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Travel & Holiday

Getaway in a piece of Ipoh history

Architect adds another eccentric gem to chain of lovingly restored offbeat guesthouses
The Sunday Times - May 20, 2012
By: Carolyn Hong
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Getaway in a piece of Ipoh history Mr Ng's Sekeping Kong Heng guesthouse in Ipoh. -- PHOTO: NG SEK SAN

With yellow paint peeling off its walls and a tree growing inside, it looks like an abandoned building.

Welcome to Sekeping Kong Heng, the latest in the family of eclectic guesthouses built by one of Malaysia's best-known landscape architects Ng Sek San, 52.

Opened a few months ago, the guesthouse in the heart of old Ipoh is already attracting fans of Mr Ng's offbeat work.

Located above one of Ipoh's best-known coffee shops, the former hostel for Chinese opera performers was falling into ruin when Mr Ng and his friends rescued it three years ago.

They turned it into the seventh guesthouse in the Sekeping family that has become a hit with Malaysians and foreigners.

Sekeping means 'a piece' in Malay.

The guesthouses are not just eccentric but also located anywhere Mr Ng finds a building that intrigues him. They include two in the swanky neighbourhood of Bangsar, another in a working-class area in Kuala Lumpur, one in a forest next to an Orang Asli village, and one in an abandoned warehouse in Penang.

Despite the guesthouses' odd locations and distinct disregard for creature comforts, they pull in a steady stream of visitors. The Bangsar guesthouses are often fully booked, and on average, the occupancy rate is 60 per cent.

Singaporeans make up a substantial number of lodgers, said Mr Ng.

Mr Ng, who is better known for his work on swish condominiums in Mont Kiara and Bangsar, as well as the Kuala Lumpur Performing Arts Centre and Kuala Lumpur City Centre park, among others, said that he never intended to open guesthouses.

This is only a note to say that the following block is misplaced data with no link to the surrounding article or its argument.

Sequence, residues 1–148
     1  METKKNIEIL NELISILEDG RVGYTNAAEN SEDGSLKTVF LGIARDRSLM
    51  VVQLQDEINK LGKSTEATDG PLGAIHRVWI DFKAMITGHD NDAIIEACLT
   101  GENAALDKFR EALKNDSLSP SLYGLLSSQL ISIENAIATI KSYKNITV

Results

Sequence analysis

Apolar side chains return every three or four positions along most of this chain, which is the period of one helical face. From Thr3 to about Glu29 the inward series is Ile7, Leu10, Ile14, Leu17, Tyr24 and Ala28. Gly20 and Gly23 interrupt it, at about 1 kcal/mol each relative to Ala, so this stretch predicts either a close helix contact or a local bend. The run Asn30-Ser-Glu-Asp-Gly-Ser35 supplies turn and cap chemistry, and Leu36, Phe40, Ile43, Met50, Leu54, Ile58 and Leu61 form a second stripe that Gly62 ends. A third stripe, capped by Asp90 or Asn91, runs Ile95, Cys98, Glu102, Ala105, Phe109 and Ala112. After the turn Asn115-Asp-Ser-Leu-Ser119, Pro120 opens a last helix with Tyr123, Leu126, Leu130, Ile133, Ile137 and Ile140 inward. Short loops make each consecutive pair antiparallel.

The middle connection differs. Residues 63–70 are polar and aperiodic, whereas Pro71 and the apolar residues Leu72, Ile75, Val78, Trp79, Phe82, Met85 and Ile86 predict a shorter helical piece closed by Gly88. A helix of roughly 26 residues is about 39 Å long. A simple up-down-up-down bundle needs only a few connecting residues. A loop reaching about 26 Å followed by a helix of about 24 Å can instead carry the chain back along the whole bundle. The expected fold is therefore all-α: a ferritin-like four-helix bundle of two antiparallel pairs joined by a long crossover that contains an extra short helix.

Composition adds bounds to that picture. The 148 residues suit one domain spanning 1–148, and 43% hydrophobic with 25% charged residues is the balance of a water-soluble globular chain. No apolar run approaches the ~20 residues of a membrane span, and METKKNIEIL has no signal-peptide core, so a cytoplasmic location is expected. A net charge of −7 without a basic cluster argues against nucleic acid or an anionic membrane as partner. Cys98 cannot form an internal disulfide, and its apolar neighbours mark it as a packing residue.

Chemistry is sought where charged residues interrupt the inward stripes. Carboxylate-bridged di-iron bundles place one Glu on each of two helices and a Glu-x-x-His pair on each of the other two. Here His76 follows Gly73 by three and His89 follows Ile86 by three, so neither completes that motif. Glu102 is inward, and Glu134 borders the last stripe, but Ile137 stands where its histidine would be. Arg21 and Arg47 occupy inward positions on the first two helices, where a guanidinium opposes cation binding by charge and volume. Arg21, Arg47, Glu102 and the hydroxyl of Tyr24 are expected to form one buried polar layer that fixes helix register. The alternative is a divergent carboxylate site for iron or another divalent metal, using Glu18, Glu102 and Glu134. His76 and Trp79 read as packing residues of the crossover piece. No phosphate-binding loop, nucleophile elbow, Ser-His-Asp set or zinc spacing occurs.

His first project, Sekeping Serendah in a forest in the Selangor foothills, was a weekend getaway for his family and friends.

It opened to the public only four years later in 2004, and Mr Ng suddenly found a new hobby.

'I like to save some of these old buildings that nobody puts any architectural value to, industrial buildings like warehouses. They are beautiful but nobody preserves them. The attention is concentrated on the ornately decorated pre-war shophouses,' he said.

He started searching for buildings like warehouses in the last few years, or derelict abandoned buildings. His biggest finds were two former tin foundries in Perak which he painstakingly dismantled into thousands of pieces, to be transported to the Sekeping Serendah site in Selangor.

It all sounds madly expensive but Mr Ng insists that his style of restoration is cheap. Derelict buildings also come cheap, and anyway, he said, the projects are not about making money.

'It's driven by a desire to experiment with building accommodation that is slightly offbeat. For me, it's about testing architectural ideas and pushing some of it to the limits,' he said.

So the guesthouses come with quirky touches like glass bedrooms suspended from the ceilings, or bathrooms with trees growing inside, or even suspended beds that can be lowered at night.

They are, in short, as quirky as Mr Ng, who never allows himself to be photographed by the media.

An Ipoh boy, he is also well known for his trenchant political views honed from his university years in New Zealand. He supports the electoral reform movement Bersih and Occupy Dataran, an ongoing encampment on Kuala Lumpur's historic Merdeka Square. He cycles regularly around Kuala Lumpur, dressed in an understated pair of shorts, T-shirt and a hat.

He is now seeking to build his eighth and last guesthouse in Ubud, Bali, likely to be called Sekeping Perestenan.

All the guesthouses are built from material recycled from other abandoned houses or scrapyards. And Mr Ng does not believe in slapping on fresh paint to hide their heritage.

For the newly opened Sekeping Kong Heng in Ipoh, he scoured the demolition site of colonial-era government quarters in Kuala Lumpur. Hundreds of doors and windows were salvaged and used in the Ipoh guesthouse.

'I want people to experience for themselves the intrinsic qualities, and history of these buildings. That's why we don't repaint them. I don't believe in that. We want them to experience the history, and the layers of it,' he said.

That is why a tree that grows in an abandoned building is not touched - 'it's part of its history, we shouldn't chop it down'.

But after Bali, he wants to take a long break. 'I am really tired,' he said.

There will be no more new Sekeping guesthouses, for now.

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